Maryland

Hay supplies are short in Maryland after a year of drought. Much of the state had a cool spring followed by a dry summer and early fall. In some areas, precipitation is as much as 14-15" below normal. "Fortunately, so far we have had a relatively mild and open winter which has allowed longer grazing and has taken some of the pressure off of the need for feeding hay," says Les Vough, University of Maryland forage crop specialist emeritus. "Top-quality mixed and grass hay has been selling in the range of $250-300/ton at some nearby Pennsylvania hay auctions and for over $7.50/bale at a central Maryland hay auction catering mainly to pleasure horse owners. That is a significant cost, particularly for our pleasure horse owners. People are looking at alternative sources, but alternatives are limited in the horse industry. The livestock and horse owners have been able to utilize some remaining fall pasture, and it has been mild enough that people haven't had to feed extra hay."

Vough expects many pastures will need to be reseeded this year because of overgrazing. "With high hay prices it was hard to convince some livestock and horse owners to take animals off pastures in order to protect them," he says. "We probably destroyed a lot of grass pastures last summer because of the dry weather and overgrazing."

Maryland hay growers are looking at new grasses that haven't been grown for hay in the state before. "We have seen some good results with new bermudagrass varieties that have increased winterhardiness and seem to be well-adapted to southern Maryland and the lower Eastern Shore," Vough reports. "It was amazing how good the bermudagrass looked going into the winter even with the dry conditions. We are looking at several varieties."

Interest and enthusiasm for hay production is running high. "Although the dairy cow population continues to decline in Maryland, the horse population keeps increasing," Vough explains. "The market for hay exists in the state, but Maryland is a hay-deficit state. We import tremendous amounts of hay for the horse industry, so there is great potential in the horse hay market."

Hay growers and others interested in the hay business are invited to attend the Southern Maryland Hay and Pasture Conference on Jan. 9 at the Izaak Walton League Center, Waldorf. More information is available at mdforages.umd.edu/. Contact Vough at 301-405-1322 or vough@umd.edu.

Washington

Washington hay growers are enjoying an excellent hay market, but supplies are getting tight, reports Shawn Clausen, president of the Washington State Hay Growers Association (WSHGA) and owner of Stokrose Farm, Warden. "Demand has increased in the last month, especially for feeder hay. I think supplies are going to be tight going right into new production with very little, if any, carryover into next season. Prices are holding strong, but expenses are increasing, too. Most people I talk to are looking hard at their costs-of-production numbers because the costs of fertilizer, land rent and fuel are on the rise." Concerns about tightening up expenses spurred WSHGA to add a strong business component to the program for the upcoming WSHGA Conference and Trade Show on Jan. 16-17.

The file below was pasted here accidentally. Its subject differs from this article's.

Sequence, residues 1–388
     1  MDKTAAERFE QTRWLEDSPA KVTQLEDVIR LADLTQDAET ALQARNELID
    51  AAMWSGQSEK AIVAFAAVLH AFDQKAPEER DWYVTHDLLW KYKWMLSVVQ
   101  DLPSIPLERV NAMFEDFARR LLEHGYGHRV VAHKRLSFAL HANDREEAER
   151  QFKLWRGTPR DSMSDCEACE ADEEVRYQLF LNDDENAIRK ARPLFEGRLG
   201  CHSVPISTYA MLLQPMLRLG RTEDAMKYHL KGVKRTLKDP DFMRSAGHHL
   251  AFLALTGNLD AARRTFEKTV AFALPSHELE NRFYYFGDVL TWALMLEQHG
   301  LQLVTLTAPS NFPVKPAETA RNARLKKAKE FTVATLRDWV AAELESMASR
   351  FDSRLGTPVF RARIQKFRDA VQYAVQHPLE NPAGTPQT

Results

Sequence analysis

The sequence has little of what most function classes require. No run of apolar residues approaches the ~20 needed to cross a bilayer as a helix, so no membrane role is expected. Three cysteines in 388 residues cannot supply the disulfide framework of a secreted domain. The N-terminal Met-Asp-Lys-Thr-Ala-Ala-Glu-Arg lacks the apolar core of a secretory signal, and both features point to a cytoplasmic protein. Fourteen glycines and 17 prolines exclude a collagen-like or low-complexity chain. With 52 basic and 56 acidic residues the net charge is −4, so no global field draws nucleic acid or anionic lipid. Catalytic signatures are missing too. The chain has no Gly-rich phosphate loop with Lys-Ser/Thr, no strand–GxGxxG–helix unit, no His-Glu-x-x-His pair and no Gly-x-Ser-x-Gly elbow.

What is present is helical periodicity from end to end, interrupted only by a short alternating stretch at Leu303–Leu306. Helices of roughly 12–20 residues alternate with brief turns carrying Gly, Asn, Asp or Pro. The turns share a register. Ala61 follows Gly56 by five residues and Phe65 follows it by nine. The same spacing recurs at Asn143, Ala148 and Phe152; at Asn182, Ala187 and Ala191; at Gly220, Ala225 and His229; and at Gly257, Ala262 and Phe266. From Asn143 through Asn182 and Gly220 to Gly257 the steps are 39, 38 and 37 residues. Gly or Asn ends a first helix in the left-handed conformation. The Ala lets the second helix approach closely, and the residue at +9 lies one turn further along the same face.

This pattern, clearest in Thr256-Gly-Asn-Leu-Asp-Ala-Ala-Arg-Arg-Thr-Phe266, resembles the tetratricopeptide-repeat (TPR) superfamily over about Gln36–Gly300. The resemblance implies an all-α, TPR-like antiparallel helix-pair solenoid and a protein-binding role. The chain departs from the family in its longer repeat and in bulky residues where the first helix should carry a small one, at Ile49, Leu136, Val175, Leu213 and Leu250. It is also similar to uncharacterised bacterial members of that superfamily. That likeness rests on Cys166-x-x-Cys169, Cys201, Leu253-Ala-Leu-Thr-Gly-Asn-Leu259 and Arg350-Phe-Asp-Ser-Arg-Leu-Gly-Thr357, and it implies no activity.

While hay yields were average in 2007, prices were higher than expected, says Clausen. "Farming was fun in 2007, and people are trying to use this opportunity to recoup costs and heal from weather damage in previous years," he says. Even with the high prices, some Washington hay growers are contemplating switching from hay to wheat or corn to take advantage of high prices. "There is less risk with some of the other commodities, too, because you aren't facing risk on four cuttings per year like you do when producing hay," he states. However, he still plans to harvest about the same number of hay acres in 2008. "We will be looking at ways to try to conserve both water and fuel while keeping a close eye on fertilizer prices and still shooting for good production," he says.

Clausen raises around 2,000 acres of alfalfa for the dairy, export and feeder hay markets. He says some Washington cattlemen are leasing acres to put cattle on cornstalks left in the field. Dairy producers are mixing high-quality hay with cornstalks or grass straw to stretch rations. "With commodity prices being so high, there is still a need for hay, even at high prices," he states.

Learn more about the WSHGA Conference, to be held at the Three Rivers Convention Center in Kennewick, by calling 509-585-5460. Visit the WSHGA Web site at www.wa-hay.org/. Contact Clausen at 509-349-2324.